Purple can be a calming, inspiring, and even regal color addition to any landscape. You can find a range of purples in flowers, foliage plants, and even vegetables.
Breeders have developed cultivars of purple coneflower that aren't purple, but many gardeners choose the native species in order to attract and feed butterflies.
Pickerel weed is a native aquatic plant that can be found throughout Florida. Beyond its visual allure, it serves an important ecological purpose as habitat for the invertebrates that a food source for fish, amphibians, ducks, and reptiles. The flowers attract butterflies and the seeds are a tasty treat for ducks, making this plant a water garden winner.
Queen’s wreath is a tropical vine that resembles wisteria. The flowers are densely packed in a form that, from a distance, resembles a bunch of grapes. The actual flowers are small and light blue or purplish. They will eventually fall, leaving the calyces. A calyx is the base of a flower and is usually green, but queen's wreath boasts purple calyces as attractive as the true flower petals.
As the host plant for the Gulf Fritillary butterfly, passion flower is a popular native vine for butterfly gardens. Grow yours on a fence, trellis, or arbor in a sunny spot. It often spreads beyond its original planting spot, so be sure to give it room to roam.
Spiderwort is considered a weed by some and a cheerful wildflower by others. This perennial is native to Florida, blooming in spring with one-inch flowers that have three petals and come in either white, pink, blue, or violet. Each flower lasts less than a day, but the plants put out new flowers for six to eight weeks.
Stokes’ aster is a showy native perennial that can make a wonderful addition to your landscape. Growing best in zones 8 through 9A, these versatile flowers work wonderfully in borders, containers, or as part of a butterfly garden. When used as cut flowers, Stoke' aster will hold up for about a week after cutting.
Society garlic is a groundcover that produces star-shaped purple flowers. The rhizomes and leaves are edible, as well as the flowers, which can be used as a delicate garnish.
Yesterday, today, and tomorrow has particularly interesting flowers that start out purple and fade to white over a day or two. It isn't widely available in nurseries, so you may want to ask a friend who's already growing it to start a cutting for you.
Chastetree is a flowering shrub or small tree that produces clusters of purple flower spikes from late spring to fall. Butterflies feed on the nectar in its flowers, and small birds enjoy eating its seeds.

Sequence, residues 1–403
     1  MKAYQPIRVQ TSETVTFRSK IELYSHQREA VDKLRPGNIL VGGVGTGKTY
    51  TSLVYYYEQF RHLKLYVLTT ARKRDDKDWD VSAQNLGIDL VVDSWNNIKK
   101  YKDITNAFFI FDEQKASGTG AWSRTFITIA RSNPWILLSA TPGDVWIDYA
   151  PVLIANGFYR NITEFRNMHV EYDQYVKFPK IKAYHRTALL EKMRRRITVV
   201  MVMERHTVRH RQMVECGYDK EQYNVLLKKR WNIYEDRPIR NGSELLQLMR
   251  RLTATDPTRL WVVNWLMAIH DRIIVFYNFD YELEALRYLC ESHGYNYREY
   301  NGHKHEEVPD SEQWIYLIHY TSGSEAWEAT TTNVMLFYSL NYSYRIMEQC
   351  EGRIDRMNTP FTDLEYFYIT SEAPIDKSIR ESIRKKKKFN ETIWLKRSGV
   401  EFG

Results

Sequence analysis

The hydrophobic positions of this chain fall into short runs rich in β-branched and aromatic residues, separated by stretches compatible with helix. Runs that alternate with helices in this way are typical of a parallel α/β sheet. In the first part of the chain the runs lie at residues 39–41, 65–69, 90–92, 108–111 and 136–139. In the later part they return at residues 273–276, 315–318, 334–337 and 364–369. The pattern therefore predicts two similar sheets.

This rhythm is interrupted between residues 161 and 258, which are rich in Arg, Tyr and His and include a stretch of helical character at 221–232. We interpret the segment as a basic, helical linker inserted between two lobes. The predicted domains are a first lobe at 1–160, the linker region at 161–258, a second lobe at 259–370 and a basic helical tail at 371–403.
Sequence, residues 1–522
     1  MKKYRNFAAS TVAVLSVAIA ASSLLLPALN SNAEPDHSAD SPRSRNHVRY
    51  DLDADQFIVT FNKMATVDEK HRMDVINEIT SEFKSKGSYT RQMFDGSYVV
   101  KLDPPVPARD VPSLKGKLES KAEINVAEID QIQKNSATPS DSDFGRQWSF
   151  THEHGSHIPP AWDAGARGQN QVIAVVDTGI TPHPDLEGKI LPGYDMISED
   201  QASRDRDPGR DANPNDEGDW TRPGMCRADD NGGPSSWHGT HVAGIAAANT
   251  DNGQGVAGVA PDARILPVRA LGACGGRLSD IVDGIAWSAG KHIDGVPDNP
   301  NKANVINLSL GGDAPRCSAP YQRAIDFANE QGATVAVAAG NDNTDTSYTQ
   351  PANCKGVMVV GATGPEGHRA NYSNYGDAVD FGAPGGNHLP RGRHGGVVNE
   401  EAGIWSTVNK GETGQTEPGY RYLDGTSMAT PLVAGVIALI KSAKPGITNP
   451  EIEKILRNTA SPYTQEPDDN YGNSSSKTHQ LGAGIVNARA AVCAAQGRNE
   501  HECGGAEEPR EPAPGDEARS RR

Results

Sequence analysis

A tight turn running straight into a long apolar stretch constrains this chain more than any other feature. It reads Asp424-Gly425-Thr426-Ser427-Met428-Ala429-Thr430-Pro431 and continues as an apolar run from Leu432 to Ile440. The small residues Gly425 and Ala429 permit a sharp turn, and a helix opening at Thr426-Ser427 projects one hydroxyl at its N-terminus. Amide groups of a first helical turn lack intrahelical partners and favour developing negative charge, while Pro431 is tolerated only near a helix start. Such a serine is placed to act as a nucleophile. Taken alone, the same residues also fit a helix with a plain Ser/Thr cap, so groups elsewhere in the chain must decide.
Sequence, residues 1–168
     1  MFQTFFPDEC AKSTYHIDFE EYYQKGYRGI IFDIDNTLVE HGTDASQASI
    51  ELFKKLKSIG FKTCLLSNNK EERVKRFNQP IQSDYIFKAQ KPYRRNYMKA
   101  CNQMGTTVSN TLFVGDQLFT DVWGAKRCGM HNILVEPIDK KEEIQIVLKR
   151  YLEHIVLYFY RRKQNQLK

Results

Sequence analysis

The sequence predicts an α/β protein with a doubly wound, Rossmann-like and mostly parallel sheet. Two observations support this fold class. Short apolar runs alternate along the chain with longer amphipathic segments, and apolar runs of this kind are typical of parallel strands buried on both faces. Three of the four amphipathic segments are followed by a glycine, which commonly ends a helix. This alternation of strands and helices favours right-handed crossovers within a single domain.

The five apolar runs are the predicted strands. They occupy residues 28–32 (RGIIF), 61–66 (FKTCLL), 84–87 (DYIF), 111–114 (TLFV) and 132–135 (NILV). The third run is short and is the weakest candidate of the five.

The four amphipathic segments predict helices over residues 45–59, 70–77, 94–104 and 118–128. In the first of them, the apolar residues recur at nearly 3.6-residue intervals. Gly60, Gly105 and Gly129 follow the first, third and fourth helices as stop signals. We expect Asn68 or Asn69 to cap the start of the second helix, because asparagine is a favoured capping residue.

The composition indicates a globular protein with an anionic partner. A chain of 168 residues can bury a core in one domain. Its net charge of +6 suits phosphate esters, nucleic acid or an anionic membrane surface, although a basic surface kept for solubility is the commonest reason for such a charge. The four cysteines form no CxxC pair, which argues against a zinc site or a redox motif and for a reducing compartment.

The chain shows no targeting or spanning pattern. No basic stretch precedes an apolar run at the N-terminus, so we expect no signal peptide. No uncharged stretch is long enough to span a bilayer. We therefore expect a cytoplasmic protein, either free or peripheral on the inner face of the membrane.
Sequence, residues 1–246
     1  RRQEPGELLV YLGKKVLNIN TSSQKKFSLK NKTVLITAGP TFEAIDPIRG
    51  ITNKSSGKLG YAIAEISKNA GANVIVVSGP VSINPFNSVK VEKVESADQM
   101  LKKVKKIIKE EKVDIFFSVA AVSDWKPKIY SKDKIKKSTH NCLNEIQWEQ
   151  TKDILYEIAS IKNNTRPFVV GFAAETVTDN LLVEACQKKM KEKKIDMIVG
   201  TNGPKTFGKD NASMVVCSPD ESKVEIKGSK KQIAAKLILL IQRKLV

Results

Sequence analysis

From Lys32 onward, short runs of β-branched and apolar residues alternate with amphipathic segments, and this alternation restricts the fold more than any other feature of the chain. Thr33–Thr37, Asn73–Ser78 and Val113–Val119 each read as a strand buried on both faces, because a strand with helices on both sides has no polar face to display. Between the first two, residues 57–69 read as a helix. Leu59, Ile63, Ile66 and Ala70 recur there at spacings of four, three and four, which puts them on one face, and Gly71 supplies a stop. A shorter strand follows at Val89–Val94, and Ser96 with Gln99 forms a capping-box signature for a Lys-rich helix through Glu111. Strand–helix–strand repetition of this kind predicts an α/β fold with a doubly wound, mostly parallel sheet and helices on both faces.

Agapanthus is a summer-flowering bulb that generally produces purple or white flowers in clusters atop a tall spike. Some varieties can be blue in color. Their pom-pom shaped flower clusters attract hummingbirds and work well as cut flowers.
Jacaranda is one of the botanical treasures of Central and South Florida. It grows as a delicate, deciduous, spreading tree. Its fern-like foliage provides light, dappled shade, perfect for patios. The trumpet-shaped flowers emerge in clusters of lavender, violet, purple, or white.
Foliage and Berries
Purple fountain grass can add a splash of burgundy-purple ornamental grass to your landscape. The flower plumes dry well and can be used in floral arrangements, making it a unique choice for a cutting garden.
Persian shield is perfect for providing some true, vibrant purple foliage to your landscape. This large, shade-loving perennial has irridescent purple leaves that shimmer with a hint of silver. Adding interest, the leaves also feature bold green stripes along the veins.
Beautyberry is dazzling in your landscape and much loved by birds. This Florida native is scientifically known as Callicarpa americana, and its bright purple berries are some of the most striking around.
Some varieties of leafy greens can actually provide your landscape with some tasty and eye-catching leafy purples. Red cabbages like 'Salad Delight', 'Omero', 'Deadon', and 'Red Express' yield lovely red to purple heads of cabbage. Ornamental varieties of kale (pictured) like 'Nagoya Rose' or 'Redbor' offer up a little something different; plus, you can use them to spruce up a salad or make crunchy kale chips. Rounding out the leafy reddish-purple vegetables is Japanese giant red mustard. With maroon and chartreuse leaves, plus a spicy kick, this mustard variety could make for a tasty change in your favorite greens recipe.